The Tower of London was, finally, for Elizabeth, a scene of tragedy, a setting of death. On 11 February 1503, the queen died on her thirty-seventh birthday, days after giving birth to a daughter. The Tower was associated with triumph and glory when monarchs were crowned there, but it could also be represented as dark, gloomy and associated with death. Elizabeth's death occurred at a time of coldness, darkness, and icy winter. She was the first Tudor queen to die at the fortress, but she would not be the last. However, while Anne Boleyn, Katherine Howard and Jane Grey lost their lives at the Tower at the hands of the executioner as traitors to the Crown, Queen Elizabeth was posthumously represented as a virtuous, learned and pious woman who had died performing a good service, an act that was symbolically identified as the holy, divinely ordained duty of queens: childbirth. Today, the ghosts of Anne and Jane, in particular, are believed to haunt the Tower in sorrow, unhappiness and desolation. Whether the ghost of Elizabeth of York is ever glimpsed at the Tower is a question that is almost never considered, but given her positive reputation, her dynastic achievements and her love and loyalty to her family, it perhaps seems unlikely. 

Sunday, 8 November 2015

The Forgotten Countess: Anne Beauchamp, Countess of Warwick


Above: Anne Beauchamp alongside her husband Richard Neville, earl of Warwick, in the television series The White Queen.


In fifteenth-century England, titled women, that is duchesses and countesses, enjoyed positions of great social and political importance. They were second only to queens in the power they held and influence they wielded. At that time, a duchess or countess was responsible for advising her husband; supervising her estates and assisting her adherents in a variety of matters; attending court in the queen's household; and, most importantly, bearing children (preferably sons). Even today, duchesses and countesses of fifteenth-century England remain well-known. Women such as Jacquetta, duchess of Bedford, and Cecily, duchess of York, were influential, intelligent and strong-willed. They influenced their offspring and assisted them in their schemes to take the throne. Jacquetta masterminded her daughter Elizabeth Wydeville's obscure marriage to Edward IV, while Cecily had played an important role in educating Edward and, perhaps, grooming him for kingship. Similarly, the political involvement of Margaret Beaufort, countess of Richmond and Derby, was significant. Her influence both at court and in local society ensured the continuing relevance of her son Henry Tudor's claim to the throne, and the countess emerged triumphant in the summer of 1485 with Henry's accession.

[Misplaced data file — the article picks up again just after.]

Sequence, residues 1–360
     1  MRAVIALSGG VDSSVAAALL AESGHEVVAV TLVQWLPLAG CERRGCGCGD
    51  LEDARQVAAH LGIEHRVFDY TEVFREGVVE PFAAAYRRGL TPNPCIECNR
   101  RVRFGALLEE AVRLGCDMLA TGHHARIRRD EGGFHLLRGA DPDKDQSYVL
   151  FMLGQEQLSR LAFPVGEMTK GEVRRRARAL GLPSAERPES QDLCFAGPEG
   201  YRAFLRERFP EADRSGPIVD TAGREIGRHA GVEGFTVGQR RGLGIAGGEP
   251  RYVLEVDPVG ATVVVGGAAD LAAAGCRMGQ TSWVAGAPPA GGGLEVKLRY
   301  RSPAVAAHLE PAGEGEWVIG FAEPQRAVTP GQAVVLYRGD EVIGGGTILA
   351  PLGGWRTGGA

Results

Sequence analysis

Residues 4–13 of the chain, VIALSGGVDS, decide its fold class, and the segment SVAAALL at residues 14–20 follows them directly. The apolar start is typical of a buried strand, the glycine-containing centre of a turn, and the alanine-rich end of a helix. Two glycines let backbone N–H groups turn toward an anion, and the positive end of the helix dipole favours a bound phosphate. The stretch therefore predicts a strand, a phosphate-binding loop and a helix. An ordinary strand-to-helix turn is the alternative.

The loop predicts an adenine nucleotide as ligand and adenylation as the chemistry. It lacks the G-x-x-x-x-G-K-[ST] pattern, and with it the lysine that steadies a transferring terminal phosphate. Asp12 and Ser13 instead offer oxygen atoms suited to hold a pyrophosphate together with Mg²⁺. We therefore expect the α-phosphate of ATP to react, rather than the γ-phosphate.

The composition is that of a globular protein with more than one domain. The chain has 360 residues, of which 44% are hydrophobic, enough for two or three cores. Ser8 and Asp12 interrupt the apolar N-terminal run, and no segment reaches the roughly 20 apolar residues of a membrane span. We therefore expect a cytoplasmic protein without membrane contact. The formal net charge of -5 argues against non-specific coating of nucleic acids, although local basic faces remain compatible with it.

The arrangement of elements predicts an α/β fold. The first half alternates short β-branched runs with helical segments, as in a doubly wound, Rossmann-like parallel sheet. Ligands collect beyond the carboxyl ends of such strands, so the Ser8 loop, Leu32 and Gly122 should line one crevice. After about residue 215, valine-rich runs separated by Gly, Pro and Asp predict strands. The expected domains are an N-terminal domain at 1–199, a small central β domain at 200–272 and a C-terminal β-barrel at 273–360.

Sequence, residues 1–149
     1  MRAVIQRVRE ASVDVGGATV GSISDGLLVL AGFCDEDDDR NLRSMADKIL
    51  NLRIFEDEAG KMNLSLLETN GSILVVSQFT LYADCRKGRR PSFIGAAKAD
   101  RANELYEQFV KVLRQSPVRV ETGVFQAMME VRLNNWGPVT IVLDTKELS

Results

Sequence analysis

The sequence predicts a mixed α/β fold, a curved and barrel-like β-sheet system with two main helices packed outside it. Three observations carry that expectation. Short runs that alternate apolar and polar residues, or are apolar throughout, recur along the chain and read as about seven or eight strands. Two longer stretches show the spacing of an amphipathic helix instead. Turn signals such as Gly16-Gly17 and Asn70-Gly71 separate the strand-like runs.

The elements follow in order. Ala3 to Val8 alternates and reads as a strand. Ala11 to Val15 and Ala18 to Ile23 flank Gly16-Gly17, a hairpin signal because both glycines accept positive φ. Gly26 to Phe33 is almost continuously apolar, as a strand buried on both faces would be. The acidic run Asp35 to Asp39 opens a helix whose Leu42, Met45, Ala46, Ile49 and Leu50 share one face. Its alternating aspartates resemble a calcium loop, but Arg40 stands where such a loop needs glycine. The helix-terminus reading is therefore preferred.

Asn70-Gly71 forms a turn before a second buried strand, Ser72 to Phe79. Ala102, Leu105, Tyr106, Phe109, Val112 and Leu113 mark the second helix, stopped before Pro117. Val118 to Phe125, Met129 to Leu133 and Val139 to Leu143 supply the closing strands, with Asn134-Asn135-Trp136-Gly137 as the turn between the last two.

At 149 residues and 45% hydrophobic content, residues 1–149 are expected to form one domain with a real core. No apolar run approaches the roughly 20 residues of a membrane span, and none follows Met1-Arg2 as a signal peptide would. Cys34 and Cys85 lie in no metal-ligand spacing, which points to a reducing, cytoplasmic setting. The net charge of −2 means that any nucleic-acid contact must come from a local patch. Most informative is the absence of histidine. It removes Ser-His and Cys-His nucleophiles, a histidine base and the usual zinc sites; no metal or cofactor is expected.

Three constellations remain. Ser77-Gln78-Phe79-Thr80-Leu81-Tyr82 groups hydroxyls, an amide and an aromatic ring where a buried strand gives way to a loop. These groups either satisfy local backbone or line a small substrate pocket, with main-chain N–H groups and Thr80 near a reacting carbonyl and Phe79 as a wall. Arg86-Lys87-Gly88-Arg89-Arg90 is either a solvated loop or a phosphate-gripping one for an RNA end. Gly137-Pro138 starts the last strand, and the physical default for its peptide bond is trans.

However, one countess remains largely unknown, and yet her story was every bit as tragic, as unpredictable, and as fascinating as the stories of the women above named. Anne Beauchamp, countess of Warwick, was the wife of Richard Neville, earl of Warwick, who remains known today as the 'Kingmaker'. She was the mother of Isabel and Anne, and her younger daughter would become queen of England in 1483 as the wife of Richard III. In the television series The White Queen, the countess is not one of the main characters, but she is portrayed as a shrewd, intelligent woman who played an advisory role to her husband. She was depicted as being extremely close to her two daughters. Whether the real countess enjoyed good relations with her offspring is unknown.

Above: Anne Neville, the younger daughter of the Countess of Warwick.

Anne Beauchamp was the daughter of Richard Beauchamp, thirteenth earl of Warwick, and Isabel le Despenser, who was the sole heiress of her deceased father Thomas. She was born in July 1426 at Caversham Castle in Oxfordshire. In 1434, when Anne was only eight years old, she was betrothed to Richard Neville. She married Richard at an unknown date and gave birth to two daughters by him: Isabel (born in September 1451) and Anne (born in June 1456). Both girls were born at the family seat at Warwick Castle. Whether the couple were severely disappointed by their failure to have a son is unknown, but it is entirely possible given that Richard may have wanted the estates and title to remain within the family. The son of the earl of Salisbury, Richard acquired significant wealth and status by marrying Anne Beauchamp and inheriting the Warwick estates and title. Upon her marriage to Richard, Anne became countess of Warwick. 

The Neville family was one of the old noble families in England. They were proud of their lineage and were highly ambitious. Warwick's ambition was renowned and he played a major role in securing the accession of his cousin Edward, earl of March, in 1461. However, Warwick experienced conflict with the new king when Edward elected to marry the relatively unknown Elizabeth Wydeville. The new king's mother, Cecily, duchess of York, disliked her daughter-in-law and voiced outrage at her son's folly. Warwick similarly disliked the new queen and harboured a great deal of resentment, eventually leading him to rebel against Edward. Whether Anne Beauchamp resented Queen Elizabeth, or whether she enjoyed good relations with her, is a mystery. Certainly she would have enjoyed a favoured position at court.